On the occasion of Internet Week in Spain and in view of the exponential growth in online sales of medicines and healthcare material derived from the COVID-19 pandemic, PONS IP and Smart Protection held a digital meeting with the participation of the Spanish Agency of Medicines and Medical Devices (AEMPS) in order to outline the actions taken by AEMPS against the illegal sale of medicines on the Internet, while presenting the results of the International Study on COVID-19-related Fake Medicines and Medical Products, compiled by Smart Protection.
Manuel Ibarra Lorente, Head of the Medicine Inspection and Control Department at AEMPS, reminded those present that ‘not all online sales of medicines are fraudulent’, as there are currently online channels that sell authorized medicines that don’t require a prescription. ‘We need to be able distinguish between them, and for that purpose the Agency has sufficient information available to the public on our website’, Ibarra pointed out.
The Head of AEMPS recalled that ‘it is essential to make society aware of the risks involved in buying illegal or fake medicines online, but also to encourage the public to report if they have been victims of fraud in this area’. Among the most useful tools to help people avoid becoming a victim of a fake sale, Ibarra shared the consultation website https://distafarma.aemps.es containing the list ranging from associated entities to physical pharmacies or companies conforming to Spanish and European regulations regarding the sale of healthcare material or medicines. Manuel Ibarra also shared another useful website to enable people to check whether the medicine they are being offered ‘actually corresponds to the consideration of a medicine or whether we are dealing with the sale of substances that are prohibited by our regulations’. Currently, the website http://cima.aemps.es/cima/publico/home.html contains a list of nearly 15,000 active ingredients authorized by the health regulator and available for consultation by the public, and provides relevant information on the seller and the authenticity of the website on which the product is marketed.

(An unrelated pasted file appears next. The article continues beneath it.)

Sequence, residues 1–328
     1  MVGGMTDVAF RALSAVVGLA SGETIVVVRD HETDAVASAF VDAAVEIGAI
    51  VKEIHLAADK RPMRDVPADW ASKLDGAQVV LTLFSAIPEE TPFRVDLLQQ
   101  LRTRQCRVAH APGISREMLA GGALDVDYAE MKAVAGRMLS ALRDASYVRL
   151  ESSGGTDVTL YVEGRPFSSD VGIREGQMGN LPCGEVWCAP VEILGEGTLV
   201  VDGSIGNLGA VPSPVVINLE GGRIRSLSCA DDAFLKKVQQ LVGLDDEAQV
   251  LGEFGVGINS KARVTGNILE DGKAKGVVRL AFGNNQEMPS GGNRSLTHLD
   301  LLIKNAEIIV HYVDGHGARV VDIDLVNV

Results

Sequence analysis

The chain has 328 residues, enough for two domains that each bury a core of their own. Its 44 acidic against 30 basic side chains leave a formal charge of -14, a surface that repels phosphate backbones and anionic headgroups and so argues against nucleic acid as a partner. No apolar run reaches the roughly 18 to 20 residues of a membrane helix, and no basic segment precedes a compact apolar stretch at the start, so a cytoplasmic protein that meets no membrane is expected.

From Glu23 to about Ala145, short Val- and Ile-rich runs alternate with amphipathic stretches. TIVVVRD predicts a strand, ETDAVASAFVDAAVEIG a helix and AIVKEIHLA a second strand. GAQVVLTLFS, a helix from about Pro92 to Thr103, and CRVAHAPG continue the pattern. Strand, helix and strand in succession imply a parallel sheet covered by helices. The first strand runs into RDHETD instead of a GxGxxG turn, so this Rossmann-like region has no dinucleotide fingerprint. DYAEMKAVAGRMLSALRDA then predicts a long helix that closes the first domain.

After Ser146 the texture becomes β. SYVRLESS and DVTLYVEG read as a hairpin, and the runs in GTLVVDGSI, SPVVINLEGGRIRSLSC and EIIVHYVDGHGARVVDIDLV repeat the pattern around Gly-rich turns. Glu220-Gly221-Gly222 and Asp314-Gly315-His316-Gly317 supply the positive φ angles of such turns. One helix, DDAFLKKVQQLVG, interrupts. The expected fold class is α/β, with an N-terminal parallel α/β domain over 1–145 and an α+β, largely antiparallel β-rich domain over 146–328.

Carlos Jimenez, Product Manager at Smart Protection, presented the results
of the International Study on Online Infringements of Medicines and Medical Products associated with COVID-19, which was carried out in collaboration with Europol and the Spanish Agency of Medicines itself during the second half of March with a volume of 6 million data, focusing both on active ingredients closely linked to the pandemic context and on healthcare material in great demand worldwide, such as masks and serological tests.
According to this study, 58% of the illegal supply of medicines took place on social media, mainly on Instagram, and 38% on marketplaces, with Alibaba standing out as having the highest number of fakes. The greatest number of fakes found during the study were related to the terms ‘MASK, FPP2 and K95’, all of which are linked to certain types of masks used to prevent the spread of COVID-19.
In this regard, Carmen Gonzalez, Trademark Manager at PONS IP, pointed out that intellectual property registrations ‘may contribute to the provision of legal certainty to our products in the fight against COVID-19 and generate trust among citizens and consumers’. According to PONS IP’s lawyer, ‘companies should know that it is essential to have a good trademark portfolio, including newly-available trademark categories such as motion trademarks, in order to protect our reputation and to offer legal scope to help us actively defend the ownership of our products against the illegal sale of third-party fakes in online channels’.